Hope came back to Jesus followers when they met him again after the resurrection. The day he died they were lost--leaderless and without hope--the day before Jesus death they had been confident; over-confident because they didn't understand either the nature of Jesus' power or the nature of the Kingdom of God.
After the resurrection Jesus' friends would be ready to go forward without being able to see him. Luke writes,

he led them out as far as Bethany, and, lifting up his hands, he blessed them. While he was blessing them, he withdrew from them and was carried up into heaven. And they worshiped him, and returned to Jerusalem with great joy; and they were continually in the temple blessing God. Luke 24:50-53 NRSV
The difference: resurrected hope. Jesus friends were filled with hope until he died; but their hope was too small. The resurrection was the proof; it was the evidence that God's kingdom isn't limited to our space and time or even by death or sin or the devil.
Jesus was the first glimpse of the plan to redeem all of Creation. Paul described Jesus as the first fruits (1st Corinthians 15:20). And that is true. He is the first redeemed. His rising from the dead meant that hope started again; but the hope of the Christian isn't limited by the boundaries of human power. Our hope in Jesus is eternal. Returning to his father Jesus didn't leave his followers; instead through the Holy Spirit God comes to His followers today.

Tuesday, May 4, 2010

Guardians and Missionaries Wanted Acts 16:9-15

The Apostle Paul seems to have had both peace with God through Jesus and an unsettled spirit that left him out on the edge of the church spreading the gospel. Paul's life was tranformed by his conviction of sin and forgiveness by Jesus on the road to Damascus. His encounter with God seems to have completely convinced him that the kingdom was coming soon.
Paul didn't settle down instead he lived spreading the news going from city to city and country to country on the edge of the growing church. In Acts 16:6-8 we read of his plan to go throughout Asia Minor to spread the good news. But the Spirit had another plan and stopped him from go further into the land we now call Turkey. Paul was asked to cross to Europe beginning ministry in Greece.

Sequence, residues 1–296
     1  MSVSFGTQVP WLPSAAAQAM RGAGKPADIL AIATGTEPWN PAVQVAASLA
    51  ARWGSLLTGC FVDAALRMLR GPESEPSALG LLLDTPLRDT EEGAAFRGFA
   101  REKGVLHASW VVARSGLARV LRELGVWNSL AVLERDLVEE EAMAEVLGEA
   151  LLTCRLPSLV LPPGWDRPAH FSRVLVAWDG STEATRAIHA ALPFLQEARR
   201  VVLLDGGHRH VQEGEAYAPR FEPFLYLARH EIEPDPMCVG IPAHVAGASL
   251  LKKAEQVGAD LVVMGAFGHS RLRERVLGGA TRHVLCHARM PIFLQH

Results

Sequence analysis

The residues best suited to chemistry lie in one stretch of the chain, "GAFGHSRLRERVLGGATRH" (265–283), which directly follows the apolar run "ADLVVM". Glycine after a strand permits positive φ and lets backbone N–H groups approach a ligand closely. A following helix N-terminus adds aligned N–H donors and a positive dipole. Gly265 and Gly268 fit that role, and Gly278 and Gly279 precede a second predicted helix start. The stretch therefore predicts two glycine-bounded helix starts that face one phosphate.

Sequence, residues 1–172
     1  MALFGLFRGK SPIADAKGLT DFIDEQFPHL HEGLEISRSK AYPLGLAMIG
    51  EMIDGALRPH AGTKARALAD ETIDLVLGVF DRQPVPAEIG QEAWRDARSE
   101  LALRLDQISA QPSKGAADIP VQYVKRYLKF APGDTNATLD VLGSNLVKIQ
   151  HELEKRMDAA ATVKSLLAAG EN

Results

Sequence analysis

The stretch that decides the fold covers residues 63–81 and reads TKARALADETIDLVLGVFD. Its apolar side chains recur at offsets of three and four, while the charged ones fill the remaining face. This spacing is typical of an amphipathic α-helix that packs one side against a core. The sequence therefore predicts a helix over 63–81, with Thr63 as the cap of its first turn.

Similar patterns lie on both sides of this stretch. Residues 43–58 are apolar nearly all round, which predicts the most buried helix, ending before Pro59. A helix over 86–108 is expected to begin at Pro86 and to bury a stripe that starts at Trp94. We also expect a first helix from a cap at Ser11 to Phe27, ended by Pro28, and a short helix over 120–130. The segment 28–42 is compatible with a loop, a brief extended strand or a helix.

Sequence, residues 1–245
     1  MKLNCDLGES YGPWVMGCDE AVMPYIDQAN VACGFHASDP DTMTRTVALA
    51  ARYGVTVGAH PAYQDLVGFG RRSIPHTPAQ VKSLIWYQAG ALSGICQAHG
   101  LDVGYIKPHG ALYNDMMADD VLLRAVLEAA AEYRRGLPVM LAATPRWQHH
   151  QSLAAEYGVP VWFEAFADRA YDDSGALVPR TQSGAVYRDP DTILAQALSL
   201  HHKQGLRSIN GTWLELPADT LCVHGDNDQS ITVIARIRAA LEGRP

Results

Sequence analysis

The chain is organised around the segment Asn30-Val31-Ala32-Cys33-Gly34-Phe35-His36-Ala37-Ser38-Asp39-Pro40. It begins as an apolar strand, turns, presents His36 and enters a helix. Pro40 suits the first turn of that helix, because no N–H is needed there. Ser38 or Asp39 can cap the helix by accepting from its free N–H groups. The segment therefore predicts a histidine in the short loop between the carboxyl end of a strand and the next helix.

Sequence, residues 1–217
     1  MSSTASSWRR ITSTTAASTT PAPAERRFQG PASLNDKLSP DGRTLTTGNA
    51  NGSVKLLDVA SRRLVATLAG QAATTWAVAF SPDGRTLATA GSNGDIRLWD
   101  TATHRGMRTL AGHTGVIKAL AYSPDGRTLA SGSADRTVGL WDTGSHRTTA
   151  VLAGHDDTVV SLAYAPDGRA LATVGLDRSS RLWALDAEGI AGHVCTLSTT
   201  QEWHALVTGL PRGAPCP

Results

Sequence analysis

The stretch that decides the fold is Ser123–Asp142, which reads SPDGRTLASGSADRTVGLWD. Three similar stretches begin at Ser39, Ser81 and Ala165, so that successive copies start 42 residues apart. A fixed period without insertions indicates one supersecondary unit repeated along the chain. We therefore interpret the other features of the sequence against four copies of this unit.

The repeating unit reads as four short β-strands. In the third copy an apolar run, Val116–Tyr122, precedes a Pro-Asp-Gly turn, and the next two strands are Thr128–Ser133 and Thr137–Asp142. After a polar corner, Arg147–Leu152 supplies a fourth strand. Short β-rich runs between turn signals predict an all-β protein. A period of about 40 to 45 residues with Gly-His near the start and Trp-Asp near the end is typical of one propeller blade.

During the night Paul had a vision: there stood a man of Macedonia pleading with him and saying, “Come over to Macedonia and help us.” When he had seen the vision, we immediately tried to cross over to Macedonia, being convinced that God had
called us to proclaim the good news to them.
We set sail from Troas and took a straight course to Samothrace, the following day to Neapolis, and from there to Philippi, which is a leading city of the district of Macedonia and a Roman colony. We remained in this city for some days. Acts 16:9-13 NRSV

The kingdom of God grows when there's someone like Paul going beyond the current reach of the church to spread the good news. Still, knowing the essential missional need of the church, it's clear that not everyone shares Paul's exact missionary calling. Some in fact are called to build the church right where they are today. For 2000 years there's been tension between the desire to reach out in mission into the world with the good news that has released us from sin and the desire to be guardians who protect the Word of God and the community who has gathered around the Word.

In the first days of the church Paul argued with Peter (the details can be found in Galatians and Acts) about whether a person had to be a Jew first before being a Christian. Today there's plenty of debate about how we can best be church together. There are clear lines with camps defending truth and camps reach out out. The terms of guardian/settler and missionary/pioneer aren't new to our age; neither is the dialectical nature of our faith and calling as the church both to building up the body of Christ by guarding the truth of the Gospel and to go out boldly as pioneers into unknown territory in mission declaring the truth of Christ's love for the world.

The tension today divides some denominations between those claiming to defend the truth and those claiming spread the truth. Looking at these sides fighting over the wrong divide it's good to know that Jesus meant it when he said,

Peace I leave with you; my peace I give to you. I do not give to you as the world gives. Do not let your hearts be troubled, and do not let them be afraid. John 14:27-28 NRSV
Many married folks know that God often works by pairing the gifts of opposite people together. The kingdom of God needs both those ready to reach out and those ready to build. God grant us the wisdom to appreciate the gifts that both bring to the church.